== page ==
It was perhaps inevitable that the recent sniper killings in the Washington area suburbs would be seized upon by advocates of gun control. Like so much in the agenda of the political left, gun control arguments would collapse like a house of cards if people just stopped to think through what is being said, instead of being swept along by emotional rhetoric.
Start with the very name “gun control.” Do gun control laws actually control guns? Why would someone who is obviously willing to repeatedly break the laws against murder be unwilling to break gun control laws?
Gun control laws do not control people who are in the business of breaking laws. Gun control simply disarms their potential victims, making crime a safer occupation, and hence one that can be indulged in more widely by more people.
Gun control laws would no more have stopped the current sniper than they stop innumerable other gun crimes in places with some of the strongest gun control laws in the country. Even the latest nostrum of the gun controllers — ballistic “fingerprinting” of each gun that is sold — already exists in Maryland, where this orgy of murder began.
There is no record of anyone’s ever having been convicted of any crime as a result of this procedure. People who know something about guns — which many gun controllers do not — have pointed out how easy it is to change a gun’s ballistic “fingerprint.” But the real bottom line is that this law has no track record of working.
If you are going to look at the record, then empirical studies have already shown that allowing law-abiding citizens to own and carry concealed weapons tends to produce less violence, not more. Some communities have gone the opposite direction on gun control — requiring each home owner to have a firearm in the house — and this has led to fewer burglaries in such communities.
In the Falls Church sniper killing, the sniper was spotted by some people on the scene as he shot an innocent woman in a shopping mall. If we had an armed citizenry, do you doubt that they would have shot him dead on the spot?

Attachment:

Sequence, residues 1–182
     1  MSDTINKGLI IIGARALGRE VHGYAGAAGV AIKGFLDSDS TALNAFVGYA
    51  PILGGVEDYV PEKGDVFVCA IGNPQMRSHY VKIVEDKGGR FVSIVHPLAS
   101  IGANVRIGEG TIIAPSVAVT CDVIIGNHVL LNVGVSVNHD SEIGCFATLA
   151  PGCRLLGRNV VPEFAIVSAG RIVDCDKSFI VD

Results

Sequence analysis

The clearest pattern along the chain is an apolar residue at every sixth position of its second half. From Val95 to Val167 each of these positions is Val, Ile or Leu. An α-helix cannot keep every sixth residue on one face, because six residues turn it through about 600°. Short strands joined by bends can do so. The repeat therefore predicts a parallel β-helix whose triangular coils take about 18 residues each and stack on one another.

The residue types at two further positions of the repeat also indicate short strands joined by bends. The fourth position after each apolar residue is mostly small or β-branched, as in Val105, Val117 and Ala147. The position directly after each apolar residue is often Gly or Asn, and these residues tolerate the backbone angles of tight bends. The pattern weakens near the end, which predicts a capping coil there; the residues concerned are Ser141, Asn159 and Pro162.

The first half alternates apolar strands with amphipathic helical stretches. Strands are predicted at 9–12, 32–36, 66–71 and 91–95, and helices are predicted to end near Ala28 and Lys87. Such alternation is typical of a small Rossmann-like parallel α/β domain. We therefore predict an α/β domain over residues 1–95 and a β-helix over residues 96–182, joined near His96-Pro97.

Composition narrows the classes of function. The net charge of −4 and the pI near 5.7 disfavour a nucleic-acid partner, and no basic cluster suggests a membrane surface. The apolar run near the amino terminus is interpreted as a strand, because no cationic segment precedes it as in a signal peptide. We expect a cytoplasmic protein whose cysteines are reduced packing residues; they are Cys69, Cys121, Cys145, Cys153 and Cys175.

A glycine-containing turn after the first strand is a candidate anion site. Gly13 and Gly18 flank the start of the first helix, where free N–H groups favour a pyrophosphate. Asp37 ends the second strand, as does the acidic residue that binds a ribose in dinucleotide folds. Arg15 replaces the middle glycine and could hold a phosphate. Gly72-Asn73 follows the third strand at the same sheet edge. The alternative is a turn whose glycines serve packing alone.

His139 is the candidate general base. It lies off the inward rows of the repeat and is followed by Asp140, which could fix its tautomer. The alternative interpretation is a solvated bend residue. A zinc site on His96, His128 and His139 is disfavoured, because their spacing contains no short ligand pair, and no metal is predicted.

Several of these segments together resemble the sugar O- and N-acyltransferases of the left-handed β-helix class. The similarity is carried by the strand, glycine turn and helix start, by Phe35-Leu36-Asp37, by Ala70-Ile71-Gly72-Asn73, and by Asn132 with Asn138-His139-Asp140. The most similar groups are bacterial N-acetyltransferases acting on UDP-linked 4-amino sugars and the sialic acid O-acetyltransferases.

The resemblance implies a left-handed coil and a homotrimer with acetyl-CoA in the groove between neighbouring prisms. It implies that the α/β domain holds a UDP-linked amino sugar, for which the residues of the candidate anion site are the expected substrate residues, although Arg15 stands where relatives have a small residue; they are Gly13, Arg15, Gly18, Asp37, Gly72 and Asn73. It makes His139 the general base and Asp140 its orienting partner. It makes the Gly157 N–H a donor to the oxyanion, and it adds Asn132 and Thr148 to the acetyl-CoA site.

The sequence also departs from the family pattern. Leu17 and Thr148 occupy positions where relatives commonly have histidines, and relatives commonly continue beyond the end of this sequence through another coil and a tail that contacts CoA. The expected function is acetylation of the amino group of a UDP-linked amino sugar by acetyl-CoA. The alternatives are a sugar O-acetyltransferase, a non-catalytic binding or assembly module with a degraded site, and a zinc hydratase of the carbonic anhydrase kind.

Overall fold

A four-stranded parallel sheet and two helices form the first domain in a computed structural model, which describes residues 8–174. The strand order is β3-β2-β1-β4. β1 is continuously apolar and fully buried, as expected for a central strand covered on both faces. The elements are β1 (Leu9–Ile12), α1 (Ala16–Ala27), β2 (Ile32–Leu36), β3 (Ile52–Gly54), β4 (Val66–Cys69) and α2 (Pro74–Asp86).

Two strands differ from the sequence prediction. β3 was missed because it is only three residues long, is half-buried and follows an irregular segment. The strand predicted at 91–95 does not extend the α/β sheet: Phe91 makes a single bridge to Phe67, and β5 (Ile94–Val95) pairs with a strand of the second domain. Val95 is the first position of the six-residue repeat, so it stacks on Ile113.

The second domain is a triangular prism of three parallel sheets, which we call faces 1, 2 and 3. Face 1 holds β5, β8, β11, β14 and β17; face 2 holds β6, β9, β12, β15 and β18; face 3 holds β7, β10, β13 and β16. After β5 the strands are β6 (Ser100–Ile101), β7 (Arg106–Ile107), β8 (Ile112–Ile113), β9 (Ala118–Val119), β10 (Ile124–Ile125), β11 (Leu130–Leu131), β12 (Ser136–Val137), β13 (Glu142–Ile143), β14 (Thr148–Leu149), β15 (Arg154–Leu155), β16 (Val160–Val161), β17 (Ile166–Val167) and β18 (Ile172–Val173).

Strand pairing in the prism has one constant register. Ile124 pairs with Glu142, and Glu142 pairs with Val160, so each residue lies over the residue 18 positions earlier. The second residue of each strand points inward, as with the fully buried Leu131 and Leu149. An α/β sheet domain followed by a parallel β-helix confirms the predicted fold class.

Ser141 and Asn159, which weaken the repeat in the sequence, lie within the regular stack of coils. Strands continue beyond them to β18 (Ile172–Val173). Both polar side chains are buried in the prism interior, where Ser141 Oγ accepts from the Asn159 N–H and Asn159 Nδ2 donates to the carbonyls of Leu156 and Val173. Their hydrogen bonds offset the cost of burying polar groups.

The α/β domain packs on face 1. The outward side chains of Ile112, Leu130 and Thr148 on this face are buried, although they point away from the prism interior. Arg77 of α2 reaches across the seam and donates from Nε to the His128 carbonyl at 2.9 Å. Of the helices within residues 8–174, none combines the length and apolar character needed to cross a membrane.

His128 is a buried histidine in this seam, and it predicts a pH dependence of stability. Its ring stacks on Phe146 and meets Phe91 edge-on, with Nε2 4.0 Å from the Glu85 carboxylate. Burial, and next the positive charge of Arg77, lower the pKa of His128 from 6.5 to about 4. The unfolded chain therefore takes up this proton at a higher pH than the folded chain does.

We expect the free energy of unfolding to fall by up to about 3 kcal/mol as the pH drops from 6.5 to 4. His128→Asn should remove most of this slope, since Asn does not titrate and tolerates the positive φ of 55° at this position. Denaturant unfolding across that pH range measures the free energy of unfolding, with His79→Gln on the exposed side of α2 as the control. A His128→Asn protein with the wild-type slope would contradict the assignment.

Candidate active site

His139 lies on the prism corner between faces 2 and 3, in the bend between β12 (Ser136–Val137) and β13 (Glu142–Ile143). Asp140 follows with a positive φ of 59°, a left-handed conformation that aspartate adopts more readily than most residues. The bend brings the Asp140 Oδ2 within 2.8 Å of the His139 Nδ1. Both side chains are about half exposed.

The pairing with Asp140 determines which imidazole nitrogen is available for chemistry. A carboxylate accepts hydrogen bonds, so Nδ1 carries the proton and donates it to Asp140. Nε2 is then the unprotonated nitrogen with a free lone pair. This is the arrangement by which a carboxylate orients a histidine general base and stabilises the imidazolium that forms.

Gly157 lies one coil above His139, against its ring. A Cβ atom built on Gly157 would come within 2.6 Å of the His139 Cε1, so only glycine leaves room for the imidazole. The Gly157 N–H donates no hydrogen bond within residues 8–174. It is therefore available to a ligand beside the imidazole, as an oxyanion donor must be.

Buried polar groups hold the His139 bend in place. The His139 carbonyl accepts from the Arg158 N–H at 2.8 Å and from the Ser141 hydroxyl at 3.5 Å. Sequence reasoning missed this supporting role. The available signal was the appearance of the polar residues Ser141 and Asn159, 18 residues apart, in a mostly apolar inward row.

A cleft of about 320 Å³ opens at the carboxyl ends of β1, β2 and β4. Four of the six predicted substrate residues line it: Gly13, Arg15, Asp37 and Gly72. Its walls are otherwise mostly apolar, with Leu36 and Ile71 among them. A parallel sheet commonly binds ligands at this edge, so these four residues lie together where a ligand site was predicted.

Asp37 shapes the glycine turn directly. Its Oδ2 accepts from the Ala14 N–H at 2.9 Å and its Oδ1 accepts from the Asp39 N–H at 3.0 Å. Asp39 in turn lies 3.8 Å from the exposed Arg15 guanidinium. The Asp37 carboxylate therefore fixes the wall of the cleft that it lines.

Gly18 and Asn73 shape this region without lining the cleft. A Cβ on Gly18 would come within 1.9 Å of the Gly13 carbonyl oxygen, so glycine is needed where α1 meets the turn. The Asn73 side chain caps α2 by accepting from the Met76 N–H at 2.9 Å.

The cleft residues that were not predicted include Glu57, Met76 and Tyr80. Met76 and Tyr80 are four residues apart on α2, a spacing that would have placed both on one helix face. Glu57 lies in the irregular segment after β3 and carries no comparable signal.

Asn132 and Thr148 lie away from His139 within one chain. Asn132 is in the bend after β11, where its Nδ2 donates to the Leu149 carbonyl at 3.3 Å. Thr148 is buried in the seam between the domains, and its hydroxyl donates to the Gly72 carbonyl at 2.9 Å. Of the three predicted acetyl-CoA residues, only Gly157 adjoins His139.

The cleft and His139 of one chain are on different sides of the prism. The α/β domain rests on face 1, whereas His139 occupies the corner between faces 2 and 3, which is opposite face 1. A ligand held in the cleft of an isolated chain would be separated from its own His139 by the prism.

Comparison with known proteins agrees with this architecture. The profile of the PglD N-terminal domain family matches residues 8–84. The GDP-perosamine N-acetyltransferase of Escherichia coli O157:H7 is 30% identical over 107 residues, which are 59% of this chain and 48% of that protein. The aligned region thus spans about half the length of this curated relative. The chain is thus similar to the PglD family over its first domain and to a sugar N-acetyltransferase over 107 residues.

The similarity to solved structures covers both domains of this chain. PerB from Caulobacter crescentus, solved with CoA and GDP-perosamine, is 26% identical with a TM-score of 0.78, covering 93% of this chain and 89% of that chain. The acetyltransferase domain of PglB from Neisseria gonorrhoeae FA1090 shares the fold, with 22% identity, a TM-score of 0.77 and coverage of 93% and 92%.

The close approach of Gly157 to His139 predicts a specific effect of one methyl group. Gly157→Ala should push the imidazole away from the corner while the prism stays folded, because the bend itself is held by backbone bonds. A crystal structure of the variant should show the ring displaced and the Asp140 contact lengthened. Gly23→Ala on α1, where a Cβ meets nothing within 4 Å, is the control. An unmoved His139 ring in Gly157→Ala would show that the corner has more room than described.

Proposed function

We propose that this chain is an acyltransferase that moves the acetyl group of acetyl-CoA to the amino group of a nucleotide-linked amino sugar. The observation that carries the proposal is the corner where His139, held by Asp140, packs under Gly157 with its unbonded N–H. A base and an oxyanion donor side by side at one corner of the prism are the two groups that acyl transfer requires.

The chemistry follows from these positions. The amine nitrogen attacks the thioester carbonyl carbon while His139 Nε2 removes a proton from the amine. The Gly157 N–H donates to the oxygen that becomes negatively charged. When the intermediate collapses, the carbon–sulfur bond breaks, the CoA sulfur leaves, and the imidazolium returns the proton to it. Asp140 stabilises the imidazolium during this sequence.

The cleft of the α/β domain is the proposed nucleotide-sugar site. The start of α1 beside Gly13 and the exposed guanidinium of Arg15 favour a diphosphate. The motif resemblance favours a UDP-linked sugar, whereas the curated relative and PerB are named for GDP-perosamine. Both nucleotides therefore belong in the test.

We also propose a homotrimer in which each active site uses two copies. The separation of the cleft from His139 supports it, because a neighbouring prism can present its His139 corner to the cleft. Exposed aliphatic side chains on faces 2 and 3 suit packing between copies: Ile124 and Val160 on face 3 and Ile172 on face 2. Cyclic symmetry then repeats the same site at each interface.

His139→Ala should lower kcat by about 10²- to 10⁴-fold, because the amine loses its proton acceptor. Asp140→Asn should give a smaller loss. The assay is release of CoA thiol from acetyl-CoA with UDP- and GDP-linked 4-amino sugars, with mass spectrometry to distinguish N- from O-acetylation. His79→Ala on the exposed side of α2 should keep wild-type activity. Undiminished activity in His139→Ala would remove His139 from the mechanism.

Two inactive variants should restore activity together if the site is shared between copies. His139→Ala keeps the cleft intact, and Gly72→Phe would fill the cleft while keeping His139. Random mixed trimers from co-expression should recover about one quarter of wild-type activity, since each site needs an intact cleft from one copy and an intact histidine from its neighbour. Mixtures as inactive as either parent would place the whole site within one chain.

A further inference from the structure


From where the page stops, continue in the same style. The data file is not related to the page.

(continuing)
Killings seldom start where someone else is known in advance to be carrying a gun. Have you ever heard of one of these supposedly “senseless” killers opening fire on a gathering of members of the National Rifle Association? They always seem to have better sense than to do that.
While many members of the public are swept along by the emotional rhetoric of the gun control advocates, we need to also look at the dishonest arguments and bogus statistics used by those advocates to try to promote their agenda.
There are, for example, their widely publicized statistics on how many “children” die from guns each year. To get these numbers, gun control advocates include young people whose ages reach up above the legal age of 18 for adulthood. That way, the killings between teenage criminal gangs get counted as “children” killed by firearms, as if they were toddlers who found a loaded gun in the house.
Gun control laws might reduce the much smaller number of genuine children killed in genuine accidents. That would have to be weighed against the lives saved when widespread gun ownership reduces violent crime. But we need honest numbers and this the gun control crusaders clearly do not intend to provide.
Other misleading statistics used by gun control advocates include statistics on lower murder rates in selected countries with strong gun control laws, as compared to murder rates in the United States. What these advocates studiously avoid mentioning are higher murder rates than ours in other countries that also have strong gun control laws (Brazil, Russia) — or lower murder rates in some countries, such as Israel, where guns are more widely available than in the United States.
Guns are not the problem. People are the problem. Weapons matter primarily when the wrong people have them and the right people don’t. It is the imbalance in weapons that creates the danger.
This is not rocket science. We should not even have needed the studies which have shown that gun control laws don’t work. What we really need to do is stop and think.